Pat Madden Named Mark Loane Medalist

Freshman Flyhalf Patrick Madden has been awarded the prestigious Mark Loane Medal at a ceremony in New York last week. Awarded in honor of Dr. Mark Loane, former Australian Wallabies rugby captain and University of Queensland (UQ) alumnus, the Medal recognizes the outstanding potential of America’s best high school rugby player.

Cal Poly vs UC Davis in the Penn Mutual Collegiate Rugby Fall Classic at Avaya Stadium on November 4, 2017 in San Jose , California. © 2017 Alex Ho ( aho_171104_2040_03 )

In response to receiving the award, Patrick is “extremely grateful for this opportunity and excited for what’s to come. I know I speak for both myself and my family when I say I’m happy to be in such good hands through this exciting process.”

Patrick founded, captained, and played rugby at his high school, University City. While there, he was named Player of the Week several times in the Goff Rugby Report. Patrick also started playing select-side rugby his freshman year of high school. He started with the Southern California Youth Griffins and then became one of the original and youngest players in the Eagle Impact Rugby Academy (EIRA), created by High School All-American (HSAA) Coach Salty Thompson. As captain, Patrick led EIRA to 7s and 15s national titles, received MVP in the Las Vegas Invitational Tournament, and won the Ramblin’ Jesters’ Young 7s Player of the Month award. Patrick joined the HSAA program his sophomore year for tours to France and Belgium. He also represented the HSAA and Stars and Stripes sides in both 7s and 15s on tours to Canada and in matches throughout the US. To top it off, Patrick was selected for the Men’s Junior All-American U19 team that played Canada at the Olympic Training Centre in the winter of 2016.

San Diego State over Cal Poly during the Penn Mutual Collegiate Rugby Fall Classic at Avaya Stadium on November 5, 2017 in San Jose , California. © 2017 Alex Ho ( aho_171105_6258_03 )

Salty Thompson, who was on the Cal Poly campus last month for an (EIRA) camp, and who nominated Patrick for the Loane Medal, believes Pat has a huge future in the sport. He regards Patrick as “one of the most effective captains in HSAA history. Leader, excellent communicator and outstanding young man.”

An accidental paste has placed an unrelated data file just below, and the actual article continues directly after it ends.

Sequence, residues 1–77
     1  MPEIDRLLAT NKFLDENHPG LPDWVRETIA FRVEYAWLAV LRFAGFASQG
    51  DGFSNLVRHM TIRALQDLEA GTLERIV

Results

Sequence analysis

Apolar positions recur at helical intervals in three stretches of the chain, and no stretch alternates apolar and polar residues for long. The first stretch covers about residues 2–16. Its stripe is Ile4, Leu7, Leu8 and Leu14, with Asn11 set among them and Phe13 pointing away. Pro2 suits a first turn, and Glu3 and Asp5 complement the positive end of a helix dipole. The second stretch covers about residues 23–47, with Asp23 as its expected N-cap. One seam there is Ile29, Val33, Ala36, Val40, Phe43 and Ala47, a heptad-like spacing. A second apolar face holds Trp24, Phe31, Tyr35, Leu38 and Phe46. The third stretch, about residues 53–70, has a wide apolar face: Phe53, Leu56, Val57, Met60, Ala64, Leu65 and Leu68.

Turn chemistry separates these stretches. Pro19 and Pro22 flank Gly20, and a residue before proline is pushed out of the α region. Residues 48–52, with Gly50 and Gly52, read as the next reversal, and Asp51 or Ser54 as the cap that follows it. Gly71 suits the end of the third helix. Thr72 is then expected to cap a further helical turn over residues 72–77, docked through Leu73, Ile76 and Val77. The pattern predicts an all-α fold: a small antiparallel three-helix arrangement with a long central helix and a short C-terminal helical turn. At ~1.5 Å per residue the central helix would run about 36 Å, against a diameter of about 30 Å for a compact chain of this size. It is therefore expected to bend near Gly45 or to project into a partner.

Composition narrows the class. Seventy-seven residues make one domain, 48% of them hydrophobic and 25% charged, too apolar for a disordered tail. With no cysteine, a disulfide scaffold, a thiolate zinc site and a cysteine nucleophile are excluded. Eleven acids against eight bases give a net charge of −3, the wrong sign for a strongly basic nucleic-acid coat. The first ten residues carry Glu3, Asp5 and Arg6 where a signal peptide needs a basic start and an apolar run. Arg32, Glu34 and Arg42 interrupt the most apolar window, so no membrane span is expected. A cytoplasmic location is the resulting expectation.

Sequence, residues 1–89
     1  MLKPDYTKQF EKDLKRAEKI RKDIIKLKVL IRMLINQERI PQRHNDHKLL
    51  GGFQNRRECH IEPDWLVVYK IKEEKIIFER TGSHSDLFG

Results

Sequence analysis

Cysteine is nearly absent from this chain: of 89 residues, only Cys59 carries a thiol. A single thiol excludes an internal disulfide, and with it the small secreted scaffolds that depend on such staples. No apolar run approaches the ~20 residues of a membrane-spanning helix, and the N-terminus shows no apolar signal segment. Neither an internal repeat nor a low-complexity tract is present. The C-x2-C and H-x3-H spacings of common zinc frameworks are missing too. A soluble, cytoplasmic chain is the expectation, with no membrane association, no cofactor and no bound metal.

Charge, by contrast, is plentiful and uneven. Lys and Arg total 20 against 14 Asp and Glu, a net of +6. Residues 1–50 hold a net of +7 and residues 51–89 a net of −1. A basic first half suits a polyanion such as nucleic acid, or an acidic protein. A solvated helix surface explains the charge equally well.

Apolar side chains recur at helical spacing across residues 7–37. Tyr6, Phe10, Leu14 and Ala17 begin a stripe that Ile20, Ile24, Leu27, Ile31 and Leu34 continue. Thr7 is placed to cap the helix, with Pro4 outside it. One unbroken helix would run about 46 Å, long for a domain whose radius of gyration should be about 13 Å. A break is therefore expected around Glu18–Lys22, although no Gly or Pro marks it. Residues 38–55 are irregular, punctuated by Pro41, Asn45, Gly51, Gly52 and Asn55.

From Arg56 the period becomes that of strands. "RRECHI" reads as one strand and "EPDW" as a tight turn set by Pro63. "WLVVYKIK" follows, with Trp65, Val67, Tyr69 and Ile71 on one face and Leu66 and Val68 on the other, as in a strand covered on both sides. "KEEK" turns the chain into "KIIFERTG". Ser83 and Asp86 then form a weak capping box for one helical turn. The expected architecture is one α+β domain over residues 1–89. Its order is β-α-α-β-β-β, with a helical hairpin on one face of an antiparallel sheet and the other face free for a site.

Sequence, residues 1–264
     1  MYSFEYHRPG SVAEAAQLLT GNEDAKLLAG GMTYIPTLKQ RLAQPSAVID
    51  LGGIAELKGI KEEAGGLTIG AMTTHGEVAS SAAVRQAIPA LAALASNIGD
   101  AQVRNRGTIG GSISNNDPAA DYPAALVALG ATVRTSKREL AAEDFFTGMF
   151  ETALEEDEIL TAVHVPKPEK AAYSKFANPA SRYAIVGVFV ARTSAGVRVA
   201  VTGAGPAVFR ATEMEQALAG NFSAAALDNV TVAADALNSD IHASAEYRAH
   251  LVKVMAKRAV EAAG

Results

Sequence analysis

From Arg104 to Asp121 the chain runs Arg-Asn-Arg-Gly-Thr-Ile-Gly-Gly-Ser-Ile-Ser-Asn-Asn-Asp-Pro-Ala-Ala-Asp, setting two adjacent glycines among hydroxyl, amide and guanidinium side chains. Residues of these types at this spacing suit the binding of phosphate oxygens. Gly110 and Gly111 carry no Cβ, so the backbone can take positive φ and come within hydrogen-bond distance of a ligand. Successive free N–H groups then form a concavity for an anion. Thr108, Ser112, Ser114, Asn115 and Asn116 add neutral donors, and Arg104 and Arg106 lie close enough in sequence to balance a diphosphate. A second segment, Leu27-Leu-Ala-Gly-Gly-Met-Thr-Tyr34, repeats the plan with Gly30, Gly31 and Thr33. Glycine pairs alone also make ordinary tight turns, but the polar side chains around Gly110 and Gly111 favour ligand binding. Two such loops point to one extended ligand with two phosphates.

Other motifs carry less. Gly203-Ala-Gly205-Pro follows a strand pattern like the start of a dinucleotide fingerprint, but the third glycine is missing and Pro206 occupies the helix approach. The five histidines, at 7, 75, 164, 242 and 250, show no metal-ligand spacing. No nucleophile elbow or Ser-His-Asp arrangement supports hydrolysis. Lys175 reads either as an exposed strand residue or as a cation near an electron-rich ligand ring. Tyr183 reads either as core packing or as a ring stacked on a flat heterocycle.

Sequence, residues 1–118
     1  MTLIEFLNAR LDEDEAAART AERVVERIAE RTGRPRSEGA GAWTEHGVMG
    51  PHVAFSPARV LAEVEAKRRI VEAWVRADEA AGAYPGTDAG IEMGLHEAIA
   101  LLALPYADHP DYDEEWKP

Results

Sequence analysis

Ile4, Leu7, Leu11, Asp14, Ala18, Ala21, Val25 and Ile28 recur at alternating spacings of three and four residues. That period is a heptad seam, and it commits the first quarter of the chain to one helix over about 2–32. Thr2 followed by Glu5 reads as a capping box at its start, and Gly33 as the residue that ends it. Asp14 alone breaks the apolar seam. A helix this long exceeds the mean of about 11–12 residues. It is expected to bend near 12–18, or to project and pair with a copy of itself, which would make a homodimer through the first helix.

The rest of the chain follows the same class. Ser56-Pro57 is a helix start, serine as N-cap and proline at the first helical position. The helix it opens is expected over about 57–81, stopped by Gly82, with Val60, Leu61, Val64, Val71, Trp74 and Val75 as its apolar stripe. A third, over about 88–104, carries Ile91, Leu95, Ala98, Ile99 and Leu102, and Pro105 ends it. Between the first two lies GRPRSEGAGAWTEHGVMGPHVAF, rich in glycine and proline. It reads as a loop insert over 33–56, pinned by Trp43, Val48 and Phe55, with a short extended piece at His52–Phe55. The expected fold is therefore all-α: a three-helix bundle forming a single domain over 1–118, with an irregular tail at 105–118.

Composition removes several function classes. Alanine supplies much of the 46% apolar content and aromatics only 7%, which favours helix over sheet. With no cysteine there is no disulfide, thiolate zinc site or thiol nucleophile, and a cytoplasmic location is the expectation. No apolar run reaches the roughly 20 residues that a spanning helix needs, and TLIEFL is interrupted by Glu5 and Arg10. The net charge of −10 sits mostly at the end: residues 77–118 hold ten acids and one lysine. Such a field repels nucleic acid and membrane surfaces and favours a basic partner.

As the recipient of the Loane Medal, Pat will be funded to train with the UQ Rugby Academy and play for the famous University of Queensland Rugby Club during summer 2018.

Patrick “can’t wait to get to UQ, meet [his] teammates, and experience the Australian rugby culture and university lifestyle.”

Cal Poly coach James Tesoriero speaks of Patrick’s award. “We followed Patrick’s high school career with close interest, and were delighted when he accepted his offer to study at Cal Poly. Not only is Pat an elite-level talent who projects to the very highest levels of rugby in this country, he is a quality young guy, and a good fit with our program. Beyond the recognition that he will receive from this award, we are excited at the opportunity for Pat to train and play in a high performance environment next summer with UQ in Brisbane”.

Since arriving in San Luis Obispo, Patrick has been playing a key role for the Cal Poly 7s team, finishing the Fall 7s season as the team’s highest point scorer. The Cal Poly 7s team played in division Finals at both of the West Coast Sevens tournaments in October, and finished fourth at the Silicon Valley Sevens in San Jose on the weekend (11/4 & 11/5).

San Diego State over Cal Poly during the Penn Mutual Collegiate Rugby Fall Classic at Avaya Stadium on November 5, 2017 in San Jose , California. © 2017 Alex Ho ( aho_171105_6277_03 )

Later this fall, Patrick will represent the North American Lions, a team comprising the best 7s players in North America aged under 19 years. The Lions will participate in the Boys U19 Invitational bracket of the Dubai 7s — the series of events surrounding the World Series Dubai 7s, which runs from Nov. 30 to Dec. 2.

Cal Poly Sevens Finishes Fall Season with a 4th Place Standing at Silicon Valley Sevens

Cal Poly came into Day 2 of the Silicon Valley 7s tournament with a 1-1 record from the day before. It was a “win or go home” style tournament for the Mustangs now, and they did not want to be the first team to leave the stadium Sunday. Their first matchup featured an up and coming USC team who placed in the top 8 in the Treasure Island Sevens tourney a couple weekends back. USC came out strong, controlling possession early on and driving Cal Poly down the field. Poly held strong, refusing to let up a try, and eventually found themselves marching down the pitch to score their own. Apart from a try leaked off a penalty, Cal Poly displayed solid defensive efforts as well as a patient yet effective attack, resulting in a 12-5 victory.